It's curious that loss always brings out the edgier side of Willow. Ever since Oz left, Willow has not been the happiest of campers. Her cynical mistrust of Riley in The Initiative. Her cold rejection of Thanksgiving. And now, her feisty arguments with Giles. Believe it or not, this is nothing compared to what will happen a couple of seasons down the line. But as River Song constantly pouts, Spoilers.

It's a good opportunity to look at both sides of the argument, and although some of the dialogue gets a bit heavy-handed, Pangs is at least unique in looking at the mechanics of a national holiday rather than just celebrating it at face value. In the end, it's left to Spike of all people to deliver some sort of moral of the week: “You exterminated his race. What could you possibly say that would make him feel better? It's kill or be killed here. Take your bloody pick.” It's the first time that Spike's properly integrated with the Scooby Gang, albeit on a totally reluctant basis (on both sides). He's been booted out of the house by his ditzy ex, and has nowhere to go. Like other regulars, Spike's finding that this season is delivering him fast and hard punches. If Xander and Giles have no worthwhile jobs or any real future for the moment, at least they haven't had the indignity of having the one defining element taken away from them – Spike's inability to attack is already starting to take its toll.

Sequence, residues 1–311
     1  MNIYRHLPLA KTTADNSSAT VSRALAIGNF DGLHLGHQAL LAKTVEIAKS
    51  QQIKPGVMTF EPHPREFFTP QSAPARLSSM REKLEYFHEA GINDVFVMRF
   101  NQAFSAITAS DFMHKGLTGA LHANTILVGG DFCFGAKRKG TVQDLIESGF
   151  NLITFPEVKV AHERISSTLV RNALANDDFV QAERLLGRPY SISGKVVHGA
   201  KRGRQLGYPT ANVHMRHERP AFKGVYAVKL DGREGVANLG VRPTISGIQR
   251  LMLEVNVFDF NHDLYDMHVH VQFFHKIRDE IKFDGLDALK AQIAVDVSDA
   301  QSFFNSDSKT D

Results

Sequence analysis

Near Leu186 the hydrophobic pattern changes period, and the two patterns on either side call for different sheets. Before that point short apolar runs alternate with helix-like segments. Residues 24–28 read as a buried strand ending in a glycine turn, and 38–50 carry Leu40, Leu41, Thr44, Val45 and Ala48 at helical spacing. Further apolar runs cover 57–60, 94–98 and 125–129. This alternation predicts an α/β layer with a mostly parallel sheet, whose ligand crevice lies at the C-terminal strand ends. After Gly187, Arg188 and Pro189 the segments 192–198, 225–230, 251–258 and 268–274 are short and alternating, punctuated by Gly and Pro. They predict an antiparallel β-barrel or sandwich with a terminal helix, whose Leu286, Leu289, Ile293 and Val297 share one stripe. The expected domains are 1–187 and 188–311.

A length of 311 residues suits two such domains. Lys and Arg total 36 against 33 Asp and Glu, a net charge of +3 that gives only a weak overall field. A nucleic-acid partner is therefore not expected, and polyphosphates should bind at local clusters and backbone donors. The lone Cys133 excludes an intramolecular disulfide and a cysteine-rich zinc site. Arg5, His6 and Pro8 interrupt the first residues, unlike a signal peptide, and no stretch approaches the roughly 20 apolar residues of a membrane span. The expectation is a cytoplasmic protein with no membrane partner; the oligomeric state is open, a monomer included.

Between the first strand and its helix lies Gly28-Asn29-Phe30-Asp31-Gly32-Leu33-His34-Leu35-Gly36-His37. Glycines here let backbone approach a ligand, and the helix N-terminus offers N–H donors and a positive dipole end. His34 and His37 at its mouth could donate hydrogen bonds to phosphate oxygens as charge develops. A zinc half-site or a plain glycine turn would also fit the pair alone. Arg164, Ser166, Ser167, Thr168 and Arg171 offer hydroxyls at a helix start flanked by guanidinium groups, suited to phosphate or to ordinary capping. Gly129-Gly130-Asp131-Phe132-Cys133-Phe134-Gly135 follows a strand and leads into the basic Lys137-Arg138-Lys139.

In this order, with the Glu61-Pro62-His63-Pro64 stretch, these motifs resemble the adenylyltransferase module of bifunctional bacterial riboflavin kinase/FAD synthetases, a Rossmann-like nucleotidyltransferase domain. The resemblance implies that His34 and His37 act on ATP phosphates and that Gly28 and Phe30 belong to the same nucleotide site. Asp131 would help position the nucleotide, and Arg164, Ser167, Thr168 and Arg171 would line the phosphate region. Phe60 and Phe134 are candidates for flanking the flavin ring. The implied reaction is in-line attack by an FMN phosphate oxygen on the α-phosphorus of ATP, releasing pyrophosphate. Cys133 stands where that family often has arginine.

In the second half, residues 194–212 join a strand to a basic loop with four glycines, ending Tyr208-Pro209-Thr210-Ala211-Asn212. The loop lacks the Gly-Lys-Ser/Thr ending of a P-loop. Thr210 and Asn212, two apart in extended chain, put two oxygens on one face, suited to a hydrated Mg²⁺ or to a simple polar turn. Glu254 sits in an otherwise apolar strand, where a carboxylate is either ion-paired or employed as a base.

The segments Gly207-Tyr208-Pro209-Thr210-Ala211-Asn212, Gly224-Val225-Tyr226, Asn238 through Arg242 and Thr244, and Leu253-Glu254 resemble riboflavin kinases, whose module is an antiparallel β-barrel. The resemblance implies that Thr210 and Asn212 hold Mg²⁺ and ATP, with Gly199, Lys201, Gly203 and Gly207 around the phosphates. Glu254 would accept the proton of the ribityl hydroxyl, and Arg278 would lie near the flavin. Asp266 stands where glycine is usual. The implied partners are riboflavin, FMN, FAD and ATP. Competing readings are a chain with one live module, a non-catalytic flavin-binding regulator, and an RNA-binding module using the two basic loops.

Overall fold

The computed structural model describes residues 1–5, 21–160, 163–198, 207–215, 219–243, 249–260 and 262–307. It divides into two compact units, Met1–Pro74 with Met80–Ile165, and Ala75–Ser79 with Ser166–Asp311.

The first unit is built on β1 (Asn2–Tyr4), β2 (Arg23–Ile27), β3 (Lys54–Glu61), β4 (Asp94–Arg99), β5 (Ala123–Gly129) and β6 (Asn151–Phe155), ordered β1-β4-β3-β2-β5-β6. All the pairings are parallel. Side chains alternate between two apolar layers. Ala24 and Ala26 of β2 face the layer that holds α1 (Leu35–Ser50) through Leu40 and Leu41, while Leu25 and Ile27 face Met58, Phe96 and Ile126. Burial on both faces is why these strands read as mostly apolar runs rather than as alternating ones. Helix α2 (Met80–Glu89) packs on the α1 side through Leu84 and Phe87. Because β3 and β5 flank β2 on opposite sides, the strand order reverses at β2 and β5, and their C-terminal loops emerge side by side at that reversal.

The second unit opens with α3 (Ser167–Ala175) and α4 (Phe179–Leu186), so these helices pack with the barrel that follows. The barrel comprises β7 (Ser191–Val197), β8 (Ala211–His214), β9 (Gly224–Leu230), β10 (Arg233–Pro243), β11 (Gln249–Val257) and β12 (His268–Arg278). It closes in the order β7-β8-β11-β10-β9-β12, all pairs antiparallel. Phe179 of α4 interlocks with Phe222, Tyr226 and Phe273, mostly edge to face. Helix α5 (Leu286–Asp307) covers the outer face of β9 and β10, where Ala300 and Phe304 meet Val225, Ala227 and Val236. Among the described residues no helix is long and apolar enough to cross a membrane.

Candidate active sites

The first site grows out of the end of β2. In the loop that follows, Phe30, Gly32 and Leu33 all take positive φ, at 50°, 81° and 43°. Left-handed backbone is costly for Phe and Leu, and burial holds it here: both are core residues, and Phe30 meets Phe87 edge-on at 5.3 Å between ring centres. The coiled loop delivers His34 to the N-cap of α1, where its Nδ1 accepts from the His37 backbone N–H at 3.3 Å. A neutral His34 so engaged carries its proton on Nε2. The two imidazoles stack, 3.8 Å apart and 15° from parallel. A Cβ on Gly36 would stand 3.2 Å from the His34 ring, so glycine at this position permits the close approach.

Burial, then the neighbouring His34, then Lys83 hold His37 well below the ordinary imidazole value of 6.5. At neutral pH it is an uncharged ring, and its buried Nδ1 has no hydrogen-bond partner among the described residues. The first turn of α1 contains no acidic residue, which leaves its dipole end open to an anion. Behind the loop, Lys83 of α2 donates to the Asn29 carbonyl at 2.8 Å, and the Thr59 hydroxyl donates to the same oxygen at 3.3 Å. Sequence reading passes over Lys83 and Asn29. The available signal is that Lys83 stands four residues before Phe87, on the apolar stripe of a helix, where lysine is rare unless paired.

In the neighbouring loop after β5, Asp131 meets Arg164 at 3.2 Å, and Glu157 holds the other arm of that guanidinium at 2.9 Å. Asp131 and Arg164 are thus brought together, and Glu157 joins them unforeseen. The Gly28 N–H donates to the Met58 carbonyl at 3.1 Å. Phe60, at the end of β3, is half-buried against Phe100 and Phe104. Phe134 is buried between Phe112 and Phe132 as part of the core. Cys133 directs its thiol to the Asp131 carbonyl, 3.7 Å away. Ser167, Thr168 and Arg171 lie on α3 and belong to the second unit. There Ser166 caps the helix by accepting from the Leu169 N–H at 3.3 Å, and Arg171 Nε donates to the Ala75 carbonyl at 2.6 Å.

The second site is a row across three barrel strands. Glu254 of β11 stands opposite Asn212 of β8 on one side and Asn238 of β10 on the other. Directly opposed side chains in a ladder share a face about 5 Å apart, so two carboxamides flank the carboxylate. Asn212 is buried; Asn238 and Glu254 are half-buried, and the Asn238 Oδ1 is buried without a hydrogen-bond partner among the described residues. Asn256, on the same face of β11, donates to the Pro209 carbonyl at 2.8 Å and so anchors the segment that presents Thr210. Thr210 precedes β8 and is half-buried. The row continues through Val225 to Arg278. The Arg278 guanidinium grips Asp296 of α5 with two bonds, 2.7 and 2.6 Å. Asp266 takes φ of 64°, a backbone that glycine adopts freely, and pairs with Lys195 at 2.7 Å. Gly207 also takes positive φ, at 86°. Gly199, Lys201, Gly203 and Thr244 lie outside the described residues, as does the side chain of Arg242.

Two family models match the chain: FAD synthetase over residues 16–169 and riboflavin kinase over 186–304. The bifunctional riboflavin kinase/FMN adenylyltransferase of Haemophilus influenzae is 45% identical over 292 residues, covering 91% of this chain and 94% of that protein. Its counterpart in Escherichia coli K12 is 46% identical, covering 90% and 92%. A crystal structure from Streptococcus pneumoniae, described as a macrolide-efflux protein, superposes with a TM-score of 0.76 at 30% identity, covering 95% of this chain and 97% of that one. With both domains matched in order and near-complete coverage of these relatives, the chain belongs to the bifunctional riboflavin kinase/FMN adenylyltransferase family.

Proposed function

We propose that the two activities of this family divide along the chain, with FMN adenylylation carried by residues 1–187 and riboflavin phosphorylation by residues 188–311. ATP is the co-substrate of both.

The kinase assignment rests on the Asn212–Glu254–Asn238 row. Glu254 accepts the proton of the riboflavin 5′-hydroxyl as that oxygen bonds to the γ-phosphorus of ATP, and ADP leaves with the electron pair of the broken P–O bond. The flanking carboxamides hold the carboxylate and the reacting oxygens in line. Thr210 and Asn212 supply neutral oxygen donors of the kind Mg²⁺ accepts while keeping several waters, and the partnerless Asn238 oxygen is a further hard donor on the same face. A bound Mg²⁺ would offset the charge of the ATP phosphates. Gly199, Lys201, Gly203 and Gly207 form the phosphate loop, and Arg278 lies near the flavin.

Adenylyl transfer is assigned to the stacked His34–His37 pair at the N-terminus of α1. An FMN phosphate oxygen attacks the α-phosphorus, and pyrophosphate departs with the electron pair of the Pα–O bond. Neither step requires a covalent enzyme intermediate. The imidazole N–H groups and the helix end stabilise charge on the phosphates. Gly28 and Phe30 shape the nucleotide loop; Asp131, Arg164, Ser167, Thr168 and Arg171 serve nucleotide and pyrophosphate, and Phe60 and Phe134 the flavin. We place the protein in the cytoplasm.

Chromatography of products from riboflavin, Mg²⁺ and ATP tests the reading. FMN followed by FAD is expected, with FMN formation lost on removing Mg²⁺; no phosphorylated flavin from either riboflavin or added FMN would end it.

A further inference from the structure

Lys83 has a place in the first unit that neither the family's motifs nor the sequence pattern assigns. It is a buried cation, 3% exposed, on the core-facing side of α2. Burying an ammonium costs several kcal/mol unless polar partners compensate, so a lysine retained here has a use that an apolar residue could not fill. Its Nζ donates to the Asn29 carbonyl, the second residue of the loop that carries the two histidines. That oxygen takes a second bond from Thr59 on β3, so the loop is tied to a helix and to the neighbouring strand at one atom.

Pangs offers some strong material for Buffy, Willow and Giles. There's a brave attempt at educating newcomers about what Thanksgiving is all about, even if it is a bit too laboured and clumsy at times. And there's less Initiative stuff which is always a bonus!

Perhaps my biggest problem with Pangs is that my expectation level was too high. The Bachelor Party's conclusion promises a big, epic showdown of sorts with Angel somehow in the mix. In the end, Angel's return to Buffy The Vampire Slayer is a damp squib. Angel is largely confined to brooding in the shadows and being part of the ongoing gag about how he's back to being evil again (doesn't Jane Espenson know better than to resort to repeating the same old gags?). Put it like this, it wouldn't make a scrap of difference if Angel wasn't in Pangs – the Scoobies would still have most probably disposed of the menace without a little extra help from their old vampire chum.

Following on from the overall high quality of the last season and a half, Season Four has been notably less consistent. We've had the drawn out Parker Abrams stuff, the less-than-inspiring Initiative season arc, and some episodes that have ranged from OK to bafflingly bad. Pangs, for me, at least never gets as bad as Beer Bad, but there's still this sense that the last couple of episodes have been treading water rather than reaching for the dizzy heights of Passion, Becoming, The Wish or Earshot. Jane Espenson's script, while funny in places, lacks the overall punch of earlier stone cold classics, and there's not enough incident or drama to make Pangs come alive, leaving the end result a little tepid for my tastes. It's a reasonably enjoyable way to spend 45 minutes on Thanksgiving Day and has some insightful things to say about the moral side of battle, but – like Spike - Pangs lacks that certain bite.